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Continuum mathematics

A.Y. 2019/2020

Learning objectives

The aim of the course is to provide a basic knowledge of the following subjects: the general methods of mathematical thinking; elementary set theory; the main number systems and their algebraic and order structures; linear algebra; some elementary functions of one real (or complex) variable; the notion of limit, differential calculus and integral calculus, mainly for real (or complex) functions of one real variable; the use of elementary functions and infinitesimal calculus in some real world applications.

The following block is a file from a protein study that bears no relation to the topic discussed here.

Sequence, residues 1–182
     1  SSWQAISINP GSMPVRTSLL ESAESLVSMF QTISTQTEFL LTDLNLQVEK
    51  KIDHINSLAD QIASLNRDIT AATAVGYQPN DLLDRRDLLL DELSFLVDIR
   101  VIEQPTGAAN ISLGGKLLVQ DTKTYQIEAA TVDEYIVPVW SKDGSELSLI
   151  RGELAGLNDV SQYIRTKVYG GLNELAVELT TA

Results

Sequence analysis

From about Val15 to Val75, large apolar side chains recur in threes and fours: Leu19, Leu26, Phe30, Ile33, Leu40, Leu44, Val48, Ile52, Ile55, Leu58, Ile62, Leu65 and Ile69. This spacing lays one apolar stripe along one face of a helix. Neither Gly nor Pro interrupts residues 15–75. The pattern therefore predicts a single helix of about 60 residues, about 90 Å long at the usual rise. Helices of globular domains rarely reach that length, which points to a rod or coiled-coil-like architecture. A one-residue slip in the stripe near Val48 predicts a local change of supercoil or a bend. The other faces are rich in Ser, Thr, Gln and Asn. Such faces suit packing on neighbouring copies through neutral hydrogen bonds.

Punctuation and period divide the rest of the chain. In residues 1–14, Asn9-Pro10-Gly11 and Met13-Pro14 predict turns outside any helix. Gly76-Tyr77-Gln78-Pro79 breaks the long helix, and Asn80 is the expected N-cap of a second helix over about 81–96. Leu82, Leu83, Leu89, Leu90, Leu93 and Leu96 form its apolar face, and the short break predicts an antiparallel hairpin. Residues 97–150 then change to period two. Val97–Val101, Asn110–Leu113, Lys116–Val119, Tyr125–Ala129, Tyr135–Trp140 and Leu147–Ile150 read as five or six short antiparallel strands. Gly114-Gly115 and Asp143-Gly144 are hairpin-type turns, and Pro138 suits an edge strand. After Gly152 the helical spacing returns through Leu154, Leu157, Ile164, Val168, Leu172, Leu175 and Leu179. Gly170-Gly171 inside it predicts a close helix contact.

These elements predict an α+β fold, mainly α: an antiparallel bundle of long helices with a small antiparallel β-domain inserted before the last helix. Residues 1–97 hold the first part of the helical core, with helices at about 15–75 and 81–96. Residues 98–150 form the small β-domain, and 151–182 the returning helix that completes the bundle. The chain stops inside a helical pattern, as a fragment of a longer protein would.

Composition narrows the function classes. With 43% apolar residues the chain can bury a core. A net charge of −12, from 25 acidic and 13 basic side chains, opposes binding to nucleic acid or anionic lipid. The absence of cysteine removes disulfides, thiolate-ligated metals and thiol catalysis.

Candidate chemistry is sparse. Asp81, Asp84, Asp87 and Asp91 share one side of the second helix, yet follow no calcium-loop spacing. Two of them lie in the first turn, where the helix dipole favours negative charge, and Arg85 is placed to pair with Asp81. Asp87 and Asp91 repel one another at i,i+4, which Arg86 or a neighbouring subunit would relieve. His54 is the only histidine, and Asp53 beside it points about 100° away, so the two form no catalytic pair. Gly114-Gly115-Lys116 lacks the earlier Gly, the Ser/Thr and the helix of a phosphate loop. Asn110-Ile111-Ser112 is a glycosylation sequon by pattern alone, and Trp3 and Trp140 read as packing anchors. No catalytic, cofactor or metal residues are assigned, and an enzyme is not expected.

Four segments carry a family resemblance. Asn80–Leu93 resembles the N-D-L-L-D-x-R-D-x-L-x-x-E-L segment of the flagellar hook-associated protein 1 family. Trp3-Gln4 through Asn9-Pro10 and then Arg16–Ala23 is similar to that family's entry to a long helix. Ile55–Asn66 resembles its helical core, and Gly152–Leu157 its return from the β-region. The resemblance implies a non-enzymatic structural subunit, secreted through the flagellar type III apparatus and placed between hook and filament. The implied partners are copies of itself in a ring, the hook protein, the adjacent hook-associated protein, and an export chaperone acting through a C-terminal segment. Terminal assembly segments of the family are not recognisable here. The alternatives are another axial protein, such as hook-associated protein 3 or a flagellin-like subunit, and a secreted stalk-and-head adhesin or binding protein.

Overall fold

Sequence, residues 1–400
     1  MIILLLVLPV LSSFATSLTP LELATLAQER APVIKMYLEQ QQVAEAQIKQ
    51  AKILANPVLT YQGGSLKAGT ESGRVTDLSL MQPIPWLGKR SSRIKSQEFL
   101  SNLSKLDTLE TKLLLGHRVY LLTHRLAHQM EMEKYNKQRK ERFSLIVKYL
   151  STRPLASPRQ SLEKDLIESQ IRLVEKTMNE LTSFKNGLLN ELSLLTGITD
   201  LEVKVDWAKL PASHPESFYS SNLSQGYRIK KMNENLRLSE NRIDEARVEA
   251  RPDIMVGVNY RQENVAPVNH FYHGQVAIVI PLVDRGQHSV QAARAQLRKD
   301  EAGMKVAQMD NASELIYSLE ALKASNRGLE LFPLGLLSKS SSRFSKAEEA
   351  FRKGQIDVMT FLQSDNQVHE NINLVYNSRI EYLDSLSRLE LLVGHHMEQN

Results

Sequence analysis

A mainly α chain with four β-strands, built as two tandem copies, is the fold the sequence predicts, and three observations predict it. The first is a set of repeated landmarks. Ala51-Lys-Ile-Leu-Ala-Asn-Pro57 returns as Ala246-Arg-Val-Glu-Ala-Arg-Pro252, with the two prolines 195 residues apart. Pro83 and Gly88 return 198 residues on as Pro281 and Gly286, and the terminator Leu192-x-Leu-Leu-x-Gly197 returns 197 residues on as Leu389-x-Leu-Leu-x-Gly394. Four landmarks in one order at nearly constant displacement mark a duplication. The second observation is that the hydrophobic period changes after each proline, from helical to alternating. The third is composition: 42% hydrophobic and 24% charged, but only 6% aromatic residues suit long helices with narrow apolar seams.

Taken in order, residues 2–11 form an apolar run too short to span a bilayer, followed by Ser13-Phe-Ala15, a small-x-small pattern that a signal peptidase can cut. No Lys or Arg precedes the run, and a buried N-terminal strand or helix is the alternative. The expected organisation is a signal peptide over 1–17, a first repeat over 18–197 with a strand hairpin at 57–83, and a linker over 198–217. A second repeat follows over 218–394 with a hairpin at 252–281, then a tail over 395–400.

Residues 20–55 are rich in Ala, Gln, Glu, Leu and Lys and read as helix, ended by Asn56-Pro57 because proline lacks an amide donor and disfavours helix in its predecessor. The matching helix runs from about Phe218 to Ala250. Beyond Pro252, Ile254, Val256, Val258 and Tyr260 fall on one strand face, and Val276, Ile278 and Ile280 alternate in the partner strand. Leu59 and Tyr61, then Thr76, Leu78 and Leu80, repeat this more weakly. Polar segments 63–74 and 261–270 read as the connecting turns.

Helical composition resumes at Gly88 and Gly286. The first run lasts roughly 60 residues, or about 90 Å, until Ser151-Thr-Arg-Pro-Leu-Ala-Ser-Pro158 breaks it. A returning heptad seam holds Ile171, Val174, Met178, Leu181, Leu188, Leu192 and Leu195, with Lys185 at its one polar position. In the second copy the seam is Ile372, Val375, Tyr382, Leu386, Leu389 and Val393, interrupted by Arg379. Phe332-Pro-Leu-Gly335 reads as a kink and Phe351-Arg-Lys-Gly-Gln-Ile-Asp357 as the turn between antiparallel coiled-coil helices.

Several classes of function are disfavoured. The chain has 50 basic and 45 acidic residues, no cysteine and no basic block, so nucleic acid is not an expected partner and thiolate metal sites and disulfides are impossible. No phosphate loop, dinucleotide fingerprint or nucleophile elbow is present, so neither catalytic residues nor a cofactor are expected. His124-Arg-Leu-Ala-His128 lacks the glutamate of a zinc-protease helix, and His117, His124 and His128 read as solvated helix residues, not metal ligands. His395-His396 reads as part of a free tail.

Expected learning outcomes

The student should master the general methods of mathematical reasoning; he/she should attain a deep understanding of the basic theoretical notions provided by the course, and develop the capability to illustrate them in a rational way. In addition, the student should acquire the skill to solve computational problems in the same areas, applying autonomously the solution techniques provided by the course.

**Lesson period:** First semester
(In case of multiple editions, please check the period, as it may vary)

**Assessment methods:** Esame

**Assessment result:** voto verbalizzato in trentesimi

Course syllabus and organization

### Single session

Responsible

Lesson period

First semester

**Course syllabus**

1. Elementary set theory. Basic notions on maps

between sets. Relations on sets. Equivalence

and order relations. Basics of enumerative combinatorics.